Suffering from “bronzemia”?
How to keep serving others and helping those who need us most
By Zoila Cano
I recently graduated from medical school, which has been an experience that has helped me grow academically and as a person, as well as discovering the kind of person and professional I wish to be.
One moment that really marked me was a writing assignment during my fourth year. The professor asked us to write an essay about a talk for an online video conference on an invented concept called “bronzemia.”
The doctor in the video explained that this was a “disease” characteristic of older doctors who had started to think so highly of themselves that they thought themselves better and smarter than anyone else, forgetting that the career they chose is one of service, of a deep desire to help those who need us. He described how these thoughts of superiority build up in a person to the point that he or she almost considers themselves a bronze statue for everybody else to see and admire.
This video inspired me to be the very opposite. I named my essay, “Will I lose the ability to smile?” because in the video the doctor explained how people in my profession can eventually completely lose their smile. After turning in my essay, I wrote this doctor to thank him for his talk, which made me realize how easily anyone can get this disease — even me! I told him how my own wanting to be praised by teachers for my work and wanting to answer their questions first or striving to get the highest grade on exams were indeed early symptoms of “bronzemia,” and that was not a disease I wanted to get!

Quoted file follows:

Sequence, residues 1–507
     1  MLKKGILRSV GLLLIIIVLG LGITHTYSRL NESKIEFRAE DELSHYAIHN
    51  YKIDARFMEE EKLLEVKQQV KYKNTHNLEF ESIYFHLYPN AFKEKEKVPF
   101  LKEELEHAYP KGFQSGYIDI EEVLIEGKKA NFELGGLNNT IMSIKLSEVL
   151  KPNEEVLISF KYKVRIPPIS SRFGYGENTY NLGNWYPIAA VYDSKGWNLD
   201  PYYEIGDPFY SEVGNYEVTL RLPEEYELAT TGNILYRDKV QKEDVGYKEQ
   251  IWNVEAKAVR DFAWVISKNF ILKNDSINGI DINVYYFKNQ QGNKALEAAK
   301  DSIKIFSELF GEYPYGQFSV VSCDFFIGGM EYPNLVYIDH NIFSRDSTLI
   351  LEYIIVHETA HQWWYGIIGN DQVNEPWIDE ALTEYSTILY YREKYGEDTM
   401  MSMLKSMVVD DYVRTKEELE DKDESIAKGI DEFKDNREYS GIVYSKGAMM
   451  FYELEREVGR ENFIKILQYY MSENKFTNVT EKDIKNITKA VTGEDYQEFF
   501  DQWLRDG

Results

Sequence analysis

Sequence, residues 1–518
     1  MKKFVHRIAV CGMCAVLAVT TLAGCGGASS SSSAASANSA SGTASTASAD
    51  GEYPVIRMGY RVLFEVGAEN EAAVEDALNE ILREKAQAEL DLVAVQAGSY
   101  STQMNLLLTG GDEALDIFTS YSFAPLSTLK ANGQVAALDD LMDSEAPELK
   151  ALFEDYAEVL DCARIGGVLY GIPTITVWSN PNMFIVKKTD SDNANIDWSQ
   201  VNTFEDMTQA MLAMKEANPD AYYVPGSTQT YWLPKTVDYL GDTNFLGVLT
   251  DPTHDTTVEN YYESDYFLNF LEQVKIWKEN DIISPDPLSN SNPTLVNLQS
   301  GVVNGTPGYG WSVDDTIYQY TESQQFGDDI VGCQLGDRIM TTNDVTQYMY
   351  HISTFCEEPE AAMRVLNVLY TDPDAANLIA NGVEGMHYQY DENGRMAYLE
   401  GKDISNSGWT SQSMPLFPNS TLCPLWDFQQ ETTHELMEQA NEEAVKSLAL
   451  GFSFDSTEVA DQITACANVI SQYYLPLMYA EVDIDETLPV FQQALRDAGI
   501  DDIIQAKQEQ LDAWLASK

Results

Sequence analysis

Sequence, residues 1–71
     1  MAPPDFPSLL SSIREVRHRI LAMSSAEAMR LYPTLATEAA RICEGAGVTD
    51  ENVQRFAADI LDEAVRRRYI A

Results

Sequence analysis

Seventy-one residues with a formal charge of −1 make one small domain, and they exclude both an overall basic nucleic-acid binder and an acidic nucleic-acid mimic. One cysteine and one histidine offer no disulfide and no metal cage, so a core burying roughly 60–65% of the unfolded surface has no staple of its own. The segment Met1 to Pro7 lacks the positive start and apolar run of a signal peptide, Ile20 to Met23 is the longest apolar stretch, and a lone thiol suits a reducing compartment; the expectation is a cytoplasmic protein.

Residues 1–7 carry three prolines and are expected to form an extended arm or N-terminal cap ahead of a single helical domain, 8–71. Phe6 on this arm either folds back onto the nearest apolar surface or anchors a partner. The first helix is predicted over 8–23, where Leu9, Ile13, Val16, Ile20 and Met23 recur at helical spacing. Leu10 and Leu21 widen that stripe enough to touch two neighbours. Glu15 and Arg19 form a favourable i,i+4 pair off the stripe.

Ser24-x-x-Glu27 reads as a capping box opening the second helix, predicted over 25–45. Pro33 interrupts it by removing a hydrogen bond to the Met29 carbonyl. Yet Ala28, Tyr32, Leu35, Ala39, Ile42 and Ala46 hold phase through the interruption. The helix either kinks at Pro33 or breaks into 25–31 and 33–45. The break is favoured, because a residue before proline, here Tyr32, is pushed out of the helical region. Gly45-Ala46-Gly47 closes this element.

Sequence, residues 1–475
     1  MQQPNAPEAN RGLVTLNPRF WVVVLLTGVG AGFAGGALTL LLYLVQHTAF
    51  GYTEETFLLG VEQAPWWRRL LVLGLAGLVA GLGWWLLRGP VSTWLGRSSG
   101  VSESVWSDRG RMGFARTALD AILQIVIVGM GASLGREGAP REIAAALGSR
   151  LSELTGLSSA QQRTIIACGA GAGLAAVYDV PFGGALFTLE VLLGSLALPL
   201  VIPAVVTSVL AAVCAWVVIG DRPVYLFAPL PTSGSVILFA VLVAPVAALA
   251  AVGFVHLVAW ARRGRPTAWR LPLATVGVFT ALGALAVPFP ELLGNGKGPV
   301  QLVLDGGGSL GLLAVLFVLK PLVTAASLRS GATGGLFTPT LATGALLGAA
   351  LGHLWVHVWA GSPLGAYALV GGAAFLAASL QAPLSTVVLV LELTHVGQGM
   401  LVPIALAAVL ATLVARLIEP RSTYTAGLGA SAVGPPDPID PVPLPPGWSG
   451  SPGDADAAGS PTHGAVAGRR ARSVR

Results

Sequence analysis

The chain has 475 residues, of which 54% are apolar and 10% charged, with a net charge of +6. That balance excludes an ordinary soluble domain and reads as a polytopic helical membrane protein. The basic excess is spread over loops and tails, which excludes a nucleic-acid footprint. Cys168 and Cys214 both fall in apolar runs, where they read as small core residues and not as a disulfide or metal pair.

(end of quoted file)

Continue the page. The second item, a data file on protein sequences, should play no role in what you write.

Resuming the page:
Two years later, right before graduation, I was surprised to get an email from this doctor in which he asked my permission to use the email I had sent in a book he is writing. In the draft, he quotes my words and says, “this email made my heart very happy that day.” It made me realize how important it is to thank people and express my gratitude concretely, since we never know when a simple “thank you” can brighten up someone’s day.
I was further surprised when he sent me a draft of the book, and in the introduction he wrote about a congress he went to ten years ago in a place called Mariapolis Lia, a small town of the Focolare in Argentina. He described how the experience of a young man who worked in the ceramics shop there really struck him. The man shared about how the work he was doing — cleaning used ceramics to resell — was so undervalued, but that once he saw that his work was helping a needy person build a house for his family, he knew it was worth it.
The doctor even mentioned that it was a congress of the Economy of Communion (an innovative economic proposal based on a culture of giving, launched by Focolare founder Chiara Lubich in 1991). I realized that this young person, whose experience had impacted him so much to put it in a book he was writing 10 years later, was probably someone who has made the same commitment in the Focolare as I have.
When I read that, I could not believe it! This doctor attended that one activity many years ago, and even so he still remembers that episode. It made me realize how important it is to share the impact God has on our lives with others, because maybe through this, God wants to touch the lives of other people, even if it is just one single person.
So I wrote this doctor back to explain the astonishing connection and have invited him to come give one of his talks in the Dominican Republic, where I know many young people studying medicine who would be very happy to listen.